The business community, like everybody else, is trying to make sense of the mixed signals coming from the economy. The U.S. unemployment rate, for example, dropped to 9.7 percent in January, down from 10 percent in December, the Bureau of Labor Statistics reports, but at the same time the economy shed another 20,000 net jobs.
Meanwhile, U.S. economic growth in the fourth quarter of 2009 shot up to a reported 5.7 percent. But this preliminary number probably won’t hold when the first correction comes out—and even if it does, no one expects 2010 to sustain a level of growth anywhere near that, with most educated predictions falling within the 2.8 to 3 percent range.
And Europe has its own fears, with the value of the euro falling and Greece, Spain, and Portugal rumored to be near default.
By now, most executives have done what’s necessary to keep their businesses viable, wringing out cost savings, cutting production, closing facilities, and so forth. This isn’t the time to let up, and there are abundant opportunities for most businesses to manage even tighter. Among other levers, many companies can push still harder to drive down the cost of goods sold, find creative approaches to variabilizing costs, manage prices and revenues more effectively, leverage shared services across lines of business, utilize assets more inventively, and fundamentally reorganize and delayer. In fact, most companies are planning to take a big, second bite at the apple in 2010, striving for more efficiency and more fundamental innovation in their underlying business models.
But cost reduction and other measures intended to shore up a company’s short-term performance should have a second objective: to provide the capacity and confidence needed to finance growth. Indeed, improving short-term performance should be about more than surviving. It can be the tool that provides CEOs with the financial leverage as well as the permission from stakeholders to pursue a growth agenda.
Even during the Great Depression, many of the companies that achieved the greatest success were those that boldly went on the offensive while others were still hunkering down.
One such company was DuPont, which increased its R&D expenditures by 93 percent from 1930 to 1939, an investment that yielded many innovations. Neoprene, for example, the first synthetic rubber, was introduced in 1931. By 1939, virtually every automobile and airplane manufactured in the United States contained neoprene parts. Nylon, the first synthetic fiber, was developed in 1934, introduced in 1938, and found a blockbuster application in 1940: women’s stockings. Also in 1938, the company created the molecule known as Teflon.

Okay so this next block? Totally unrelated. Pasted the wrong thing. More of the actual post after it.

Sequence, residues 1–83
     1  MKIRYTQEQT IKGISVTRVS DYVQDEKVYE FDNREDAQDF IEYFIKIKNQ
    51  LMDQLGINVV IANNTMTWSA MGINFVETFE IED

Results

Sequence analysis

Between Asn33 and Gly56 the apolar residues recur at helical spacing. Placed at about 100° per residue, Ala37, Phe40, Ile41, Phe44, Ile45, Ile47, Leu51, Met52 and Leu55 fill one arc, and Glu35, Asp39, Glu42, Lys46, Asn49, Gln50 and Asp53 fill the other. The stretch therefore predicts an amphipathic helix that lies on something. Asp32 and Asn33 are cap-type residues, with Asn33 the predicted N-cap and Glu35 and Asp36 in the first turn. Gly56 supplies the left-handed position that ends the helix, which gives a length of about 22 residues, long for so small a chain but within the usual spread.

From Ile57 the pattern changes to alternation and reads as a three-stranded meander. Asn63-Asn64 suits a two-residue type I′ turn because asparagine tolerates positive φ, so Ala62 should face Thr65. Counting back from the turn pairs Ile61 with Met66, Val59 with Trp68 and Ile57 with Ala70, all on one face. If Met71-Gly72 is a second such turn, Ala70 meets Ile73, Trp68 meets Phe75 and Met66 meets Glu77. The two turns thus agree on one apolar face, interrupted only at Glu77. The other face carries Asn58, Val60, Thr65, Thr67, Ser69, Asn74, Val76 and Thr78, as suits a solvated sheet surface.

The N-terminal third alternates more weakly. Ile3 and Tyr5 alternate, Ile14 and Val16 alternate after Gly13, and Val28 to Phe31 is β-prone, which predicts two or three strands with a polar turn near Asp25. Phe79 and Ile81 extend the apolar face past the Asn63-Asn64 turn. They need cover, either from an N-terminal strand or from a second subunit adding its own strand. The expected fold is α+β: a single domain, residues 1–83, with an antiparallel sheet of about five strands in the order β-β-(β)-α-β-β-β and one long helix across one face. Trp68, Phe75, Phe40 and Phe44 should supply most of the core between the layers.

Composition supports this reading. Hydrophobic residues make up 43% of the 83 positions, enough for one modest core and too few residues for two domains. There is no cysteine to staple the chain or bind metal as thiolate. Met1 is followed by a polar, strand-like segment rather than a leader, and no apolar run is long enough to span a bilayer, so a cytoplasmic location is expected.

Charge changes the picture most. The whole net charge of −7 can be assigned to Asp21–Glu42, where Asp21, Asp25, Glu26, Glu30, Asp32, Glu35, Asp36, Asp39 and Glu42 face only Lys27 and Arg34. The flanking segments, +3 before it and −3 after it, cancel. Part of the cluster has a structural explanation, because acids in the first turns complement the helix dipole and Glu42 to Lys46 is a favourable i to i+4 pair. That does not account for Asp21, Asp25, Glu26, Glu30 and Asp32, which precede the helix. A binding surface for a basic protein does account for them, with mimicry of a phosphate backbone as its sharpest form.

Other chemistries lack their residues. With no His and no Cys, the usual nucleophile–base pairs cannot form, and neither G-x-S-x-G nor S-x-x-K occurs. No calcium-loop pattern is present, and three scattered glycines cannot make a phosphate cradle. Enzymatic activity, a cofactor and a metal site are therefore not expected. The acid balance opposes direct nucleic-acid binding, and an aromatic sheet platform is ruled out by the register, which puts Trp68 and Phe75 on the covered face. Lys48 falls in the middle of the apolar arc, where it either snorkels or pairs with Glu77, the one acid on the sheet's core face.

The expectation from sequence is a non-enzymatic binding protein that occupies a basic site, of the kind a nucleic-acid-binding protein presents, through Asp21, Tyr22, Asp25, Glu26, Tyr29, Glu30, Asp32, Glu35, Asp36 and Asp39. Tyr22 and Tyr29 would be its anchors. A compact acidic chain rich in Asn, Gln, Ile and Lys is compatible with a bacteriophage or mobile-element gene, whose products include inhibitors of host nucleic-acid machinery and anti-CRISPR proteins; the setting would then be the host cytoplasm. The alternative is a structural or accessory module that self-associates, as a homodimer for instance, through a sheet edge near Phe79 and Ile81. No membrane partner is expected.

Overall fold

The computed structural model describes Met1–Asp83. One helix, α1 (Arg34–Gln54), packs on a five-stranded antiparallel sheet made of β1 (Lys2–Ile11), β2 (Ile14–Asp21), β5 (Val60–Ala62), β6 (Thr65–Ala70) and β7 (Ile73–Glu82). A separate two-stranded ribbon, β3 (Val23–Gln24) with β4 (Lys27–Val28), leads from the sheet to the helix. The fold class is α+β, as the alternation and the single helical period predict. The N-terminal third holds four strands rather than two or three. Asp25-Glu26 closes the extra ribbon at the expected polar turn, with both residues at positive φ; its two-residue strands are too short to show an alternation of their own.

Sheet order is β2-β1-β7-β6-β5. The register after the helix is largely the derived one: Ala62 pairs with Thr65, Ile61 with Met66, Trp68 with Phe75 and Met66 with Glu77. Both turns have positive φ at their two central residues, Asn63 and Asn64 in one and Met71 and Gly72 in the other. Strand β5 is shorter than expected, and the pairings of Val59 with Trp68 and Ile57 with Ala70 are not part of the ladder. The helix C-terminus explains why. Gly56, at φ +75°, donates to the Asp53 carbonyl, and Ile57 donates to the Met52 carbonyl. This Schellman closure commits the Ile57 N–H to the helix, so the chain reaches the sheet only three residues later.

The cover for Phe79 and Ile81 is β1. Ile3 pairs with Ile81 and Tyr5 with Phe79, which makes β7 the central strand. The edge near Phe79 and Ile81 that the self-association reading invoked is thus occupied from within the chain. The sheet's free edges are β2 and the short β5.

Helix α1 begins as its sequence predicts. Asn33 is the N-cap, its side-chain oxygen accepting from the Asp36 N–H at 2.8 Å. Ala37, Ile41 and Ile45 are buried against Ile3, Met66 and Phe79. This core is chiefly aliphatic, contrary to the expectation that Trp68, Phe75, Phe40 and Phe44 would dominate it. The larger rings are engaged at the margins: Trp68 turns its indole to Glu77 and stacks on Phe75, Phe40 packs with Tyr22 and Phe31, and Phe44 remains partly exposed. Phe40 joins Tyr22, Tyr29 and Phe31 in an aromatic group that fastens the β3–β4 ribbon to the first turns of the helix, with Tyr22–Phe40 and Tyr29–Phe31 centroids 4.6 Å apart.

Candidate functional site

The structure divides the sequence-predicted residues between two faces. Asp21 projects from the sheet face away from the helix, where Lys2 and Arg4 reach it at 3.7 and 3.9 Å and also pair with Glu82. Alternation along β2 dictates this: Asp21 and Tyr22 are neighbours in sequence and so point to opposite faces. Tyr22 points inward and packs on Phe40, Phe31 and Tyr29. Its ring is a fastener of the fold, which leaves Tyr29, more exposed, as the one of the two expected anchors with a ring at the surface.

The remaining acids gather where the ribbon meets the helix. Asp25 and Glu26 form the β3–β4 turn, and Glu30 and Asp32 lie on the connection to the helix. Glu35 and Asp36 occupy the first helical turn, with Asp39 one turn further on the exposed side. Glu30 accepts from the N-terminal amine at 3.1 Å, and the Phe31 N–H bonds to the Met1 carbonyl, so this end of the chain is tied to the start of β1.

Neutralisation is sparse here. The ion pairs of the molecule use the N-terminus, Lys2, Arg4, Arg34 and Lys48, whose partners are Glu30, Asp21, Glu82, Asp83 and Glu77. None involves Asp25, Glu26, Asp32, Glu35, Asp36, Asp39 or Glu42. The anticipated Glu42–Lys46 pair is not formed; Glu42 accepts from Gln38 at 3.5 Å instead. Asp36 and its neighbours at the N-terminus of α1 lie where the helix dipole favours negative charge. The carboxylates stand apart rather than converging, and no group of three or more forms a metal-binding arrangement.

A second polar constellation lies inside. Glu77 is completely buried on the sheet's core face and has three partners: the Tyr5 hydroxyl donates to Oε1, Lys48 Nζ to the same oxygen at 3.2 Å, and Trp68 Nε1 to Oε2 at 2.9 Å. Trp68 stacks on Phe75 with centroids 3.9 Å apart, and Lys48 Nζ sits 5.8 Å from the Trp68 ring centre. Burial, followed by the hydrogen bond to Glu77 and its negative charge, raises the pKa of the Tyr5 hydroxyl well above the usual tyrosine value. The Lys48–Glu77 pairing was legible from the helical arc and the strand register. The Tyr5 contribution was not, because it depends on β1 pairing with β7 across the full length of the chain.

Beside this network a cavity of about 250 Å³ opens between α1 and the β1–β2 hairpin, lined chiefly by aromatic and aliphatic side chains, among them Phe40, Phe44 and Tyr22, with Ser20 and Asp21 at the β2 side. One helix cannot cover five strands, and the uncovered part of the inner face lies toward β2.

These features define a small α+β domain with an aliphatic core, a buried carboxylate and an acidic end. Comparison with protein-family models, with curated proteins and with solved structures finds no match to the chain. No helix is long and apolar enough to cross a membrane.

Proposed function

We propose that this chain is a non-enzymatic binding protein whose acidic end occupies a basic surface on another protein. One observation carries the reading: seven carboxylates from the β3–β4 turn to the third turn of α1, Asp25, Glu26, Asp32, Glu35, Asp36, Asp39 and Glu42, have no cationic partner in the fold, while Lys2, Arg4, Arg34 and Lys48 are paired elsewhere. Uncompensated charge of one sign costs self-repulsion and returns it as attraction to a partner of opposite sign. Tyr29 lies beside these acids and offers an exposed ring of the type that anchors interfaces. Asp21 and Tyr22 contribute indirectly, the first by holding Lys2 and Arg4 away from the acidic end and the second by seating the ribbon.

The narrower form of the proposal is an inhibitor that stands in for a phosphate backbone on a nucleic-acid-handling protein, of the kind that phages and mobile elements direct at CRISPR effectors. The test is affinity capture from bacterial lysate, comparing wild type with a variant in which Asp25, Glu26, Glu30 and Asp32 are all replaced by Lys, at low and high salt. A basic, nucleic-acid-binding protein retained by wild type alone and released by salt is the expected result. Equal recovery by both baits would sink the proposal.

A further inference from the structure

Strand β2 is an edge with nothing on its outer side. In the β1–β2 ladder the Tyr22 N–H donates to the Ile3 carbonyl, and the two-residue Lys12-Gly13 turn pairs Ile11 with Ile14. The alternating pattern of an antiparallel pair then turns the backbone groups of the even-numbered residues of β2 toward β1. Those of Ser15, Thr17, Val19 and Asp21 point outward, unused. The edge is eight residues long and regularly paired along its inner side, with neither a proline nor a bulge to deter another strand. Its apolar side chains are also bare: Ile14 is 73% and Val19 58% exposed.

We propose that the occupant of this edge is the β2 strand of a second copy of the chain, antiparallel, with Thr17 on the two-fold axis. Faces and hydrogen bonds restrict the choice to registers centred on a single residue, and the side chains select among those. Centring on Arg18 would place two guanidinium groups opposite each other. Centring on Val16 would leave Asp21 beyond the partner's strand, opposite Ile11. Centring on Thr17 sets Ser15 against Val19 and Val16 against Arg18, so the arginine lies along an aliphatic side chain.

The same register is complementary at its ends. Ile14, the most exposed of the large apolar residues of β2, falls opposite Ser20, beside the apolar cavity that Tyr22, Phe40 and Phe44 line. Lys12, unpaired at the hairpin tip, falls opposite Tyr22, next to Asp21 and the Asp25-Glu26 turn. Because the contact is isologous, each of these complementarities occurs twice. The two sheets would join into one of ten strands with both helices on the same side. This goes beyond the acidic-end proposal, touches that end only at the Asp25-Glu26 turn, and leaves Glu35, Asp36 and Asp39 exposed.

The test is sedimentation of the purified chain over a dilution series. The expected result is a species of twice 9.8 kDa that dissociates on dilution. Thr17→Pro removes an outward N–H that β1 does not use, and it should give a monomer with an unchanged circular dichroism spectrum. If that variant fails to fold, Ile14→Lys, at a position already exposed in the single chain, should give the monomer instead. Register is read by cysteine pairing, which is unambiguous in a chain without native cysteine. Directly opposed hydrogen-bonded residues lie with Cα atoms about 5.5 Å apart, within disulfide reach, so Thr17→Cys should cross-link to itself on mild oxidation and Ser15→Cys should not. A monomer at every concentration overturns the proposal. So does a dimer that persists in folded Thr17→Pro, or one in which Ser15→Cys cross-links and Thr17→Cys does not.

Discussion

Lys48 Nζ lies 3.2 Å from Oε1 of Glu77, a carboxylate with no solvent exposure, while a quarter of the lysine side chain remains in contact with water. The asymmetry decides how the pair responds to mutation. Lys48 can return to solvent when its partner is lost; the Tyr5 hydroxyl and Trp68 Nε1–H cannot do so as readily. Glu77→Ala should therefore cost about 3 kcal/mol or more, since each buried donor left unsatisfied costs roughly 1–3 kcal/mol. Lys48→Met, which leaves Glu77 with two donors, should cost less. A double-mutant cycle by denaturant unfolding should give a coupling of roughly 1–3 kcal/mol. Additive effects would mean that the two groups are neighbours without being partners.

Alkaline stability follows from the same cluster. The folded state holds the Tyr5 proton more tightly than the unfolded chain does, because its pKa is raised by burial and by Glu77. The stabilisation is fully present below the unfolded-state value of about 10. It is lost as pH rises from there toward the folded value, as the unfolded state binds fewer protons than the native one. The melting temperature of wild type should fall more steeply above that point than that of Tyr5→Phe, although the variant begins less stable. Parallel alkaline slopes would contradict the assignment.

Similarly, IBM launched three times as many new products during the Great Depression as it had during the 1920s—and twice as many as it would during World War II. In 1929, CEO Thomas Watson observed that only about 5 percent of business accounting functions were mechanized. He recognized this as an opportunity, encouraging companies to streamline and cut costs, and helping them do so by discounting products and offering to rent machines.
More recent recessions have yielded similar examples. Arrow Electronics, for example, saw the slump in the electronic-components business of the late 1980s as a chance to leapfrog the competition. At the time, Arrow was the second-largest company of its kind but only half the size of the industry leader. So in 1988, it began buying and integrating smaller competitors. By the time the industry rebounded following the recession of the early 1990s, Arrow had become number one, with sales increasing at a rate of 64.5 percent per year from 1991 to 1994.
Another company that grew during that period was U-Haul, the familiar truck-rental company. Consumers had become extremely cost conscious during the recession, driving business to rental companies with the lowest prices. U-Haul met the challenge by reinventing itself: not only competing aggressively on price, but becoming a one-stop shopping center for do-it-yourself movers with a new line of highly profitable products, such as boxes, tape, twine, and packing materials.
During tough and uncertain times, companies must figure out how to improve performance not only as a defensive measure, but to finance growth. Cost reduction and growth are not incompatible. Both are necessary and must take place simultaneously. We call this the “art of and.”
Pursuing the art of and requires courage and a willingness to pursue transformative changes despite the volatility and uncertainty of the business environment. Executives today often like to talk about transformation, but all too often this is merely a catch phrase for any corporate-change effort, especially cost reduction and downsizing. That’s not what we’re talking about here.
Truly transformational leaders find ways to grow while managing tight. It happened during the Great Depression, it happened during previous recessions, and it can happen today. While cost cutting, downsizing, and asset productivity may be part of the process, successful companies don’t just shrink or drive greater efficiency, they grow something new or move in a different direction—both of which create jobs.
This is what will separate the winners from the rest as we emerge from the Great Recession.